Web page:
Tuesday, January 15, 2008

Ironically, Jews Push Catholics To Stay True to the Reforms of the Second Vatican Council

In an online posting 1/9, National Catholic Reporter columnist John Allen Jr. observes that Pope Benedict XVI has painted himself into a corner—by reauthorizing the use of a Good Friday prayer which the Second Vatican Council (1962-65) found offensive to Jews—and the pope has just nine weeks before Good Friday to fix the problem, or face a direct confrontation three weeks later when he meets in the United States with an inter-religious delegation that will include Jews.

Last July, when he authorized more widespread use of Rome’s 1962 missal for masses in Latin, Benedict also allowed priests to use the Latin prayers for Holy Week. Among them is a Good Friday prayer for conversion of the Jews, which asks God to “lift the veil from their hearts.”

Such a prayer did not square with Vatican II’s statements condemning anti-semitism and affirming that the Jews have a unique and irreplaceable role in salvation history. When the liturgy for Holy Week was rewritten in the decade after Vatican II, it was eliminated. The new prayer asked that the Jews “may arrive at the fullness of redemption.”

As I noted in a posting on 7/19/07, Jews had raised public objection to the news that Benedict planned to reauthorize the offensive language, but he went ahead with it anyway and could not be bothered to even address their concern in his decree or the documents that accompanied it.

But Allen notes that Jews do not plan to let this issue die quietly: “If a reminder were needed of Jewish sensitivities about the Good Friday prayer, … the Anti-Defamation League included it on a late December list of ‘Top Ten Issues Affecting Jews in 2007.’ The ADL called the possible revival of the prayer ‘a theological setback to the reforms of Vatican II, and a challenge to Catholic-Jewish relations.’”

Given the pope’s nonresponsiveness in July and since, there is little clear evidence that Benedict is really motivated to address the issue. Allen suggests it is positive that “the Vatican is working on a document clarifying implementation of the pope’s ruling,” but he concedes he detects no sense of urgency.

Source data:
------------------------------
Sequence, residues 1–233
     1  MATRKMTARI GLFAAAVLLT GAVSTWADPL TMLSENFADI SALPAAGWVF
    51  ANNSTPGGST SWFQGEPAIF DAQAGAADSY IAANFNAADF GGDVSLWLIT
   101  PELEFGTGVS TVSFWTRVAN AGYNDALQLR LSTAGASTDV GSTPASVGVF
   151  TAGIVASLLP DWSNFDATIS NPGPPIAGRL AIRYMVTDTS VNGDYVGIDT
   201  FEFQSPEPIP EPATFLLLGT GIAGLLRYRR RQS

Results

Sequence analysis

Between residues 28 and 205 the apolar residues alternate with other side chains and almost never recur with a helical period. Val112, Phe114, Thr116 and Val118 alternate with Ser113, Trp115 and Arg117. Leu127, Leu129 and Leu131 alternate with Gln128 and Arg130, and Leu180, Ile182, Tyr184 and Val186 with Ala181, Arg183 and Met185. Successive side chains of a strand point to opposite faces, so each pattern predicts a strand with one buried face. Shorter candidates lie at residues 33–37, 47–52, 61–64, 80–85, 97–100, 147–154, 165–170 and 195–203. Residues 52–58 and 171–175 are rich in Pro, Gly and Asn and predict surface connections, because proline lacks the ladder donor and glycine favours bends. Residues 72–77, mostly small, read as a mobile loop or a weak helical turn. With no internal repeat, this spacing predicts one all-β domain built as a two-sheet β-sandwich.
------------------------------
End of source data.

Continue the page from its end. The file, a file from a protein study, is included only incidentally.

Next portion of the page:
This is especially remarkable because a top Vatican official has already suggested a very simple fix. Allen reports: “Last July, Cardinal Tarcisio Bertone, the Vatican’s Secretary of State, said the problem could be solved by substituting the prayer for Jews found in the post-Vatican II liturgy for Good Friday, which no longer refers to conversion but rather asks that Jews ‘may arrive at the fullness of redemption.’ Since the original texts of the new liturgy are in Latin, it would be fairly simple to ask communities celebrating the old rite to use the Latin version of the more recent prayer.”

So why not do that? The real issue seems to be that the pope would have to admit that he screwed up in not addressing the Jews’ concern and in other particulars of reauthorizing use of the Latin texts. Allen’s language is more diplomatic than mine, but that’s what it boils down to.

The fear is that if Benedict revises the prayer for the Jews because it reflects a theology that was surpassed at Vatican II, won’t he also have to replace Latin formulations which do the same on several other theological issues?

The answer is yes. Precisely.

As I also noted in the 7/19/07 posting, facing this issue is what Benedict tried unsuccessfully to avoid in his decree, by mischaracterizing the old Latin Mass and the 13 official eucharistic prayers that resulted from Vatican II as “two usages of the one Roman rite” or “a twofold use of one and the same rite.” The old ritual reflects an old theology which the church eschewed in several specific pronouncements at Vatican II. Because the new rituals reflect an improved theology, they surpassed the old one. The officially surpassed rituals should not be allowed to revive the officially surpassed theology.

I have argued here in multiple postings (7/17/06, 5/4/07, 5/24/07, 7/12/07, 7/19/07, 9/6/07) that no one church or liturgy can possibly capture the living God or exhaust the mystery of Jesus Christ. Therefore, the Catholic church needs both a normative liturgy and the widest possible variety of alternative liturgies. The latter should include experiments aimed at improving the liturgy and limited use of older liturgies that have been surpassed by better ones. But I have also drawn the line at liturgical language and practices that contradict sound theology or even undermine the church’s mission to proclaim the gospel.

The objections of the Jews and the numerous other theological issues Allen mentions show how much of the old Latin language needed to be corrected or replaced before use of the 1962 Latin missal was reauthorized. Benedict erred in not doing so.

It is ironic that on this point the Jews are being more accurate than the pope and more faithful to Vatican II. But the Jews are clearly stakeholders in Vatican II, and this won’t be the first time that their insights have reformed Christianity.

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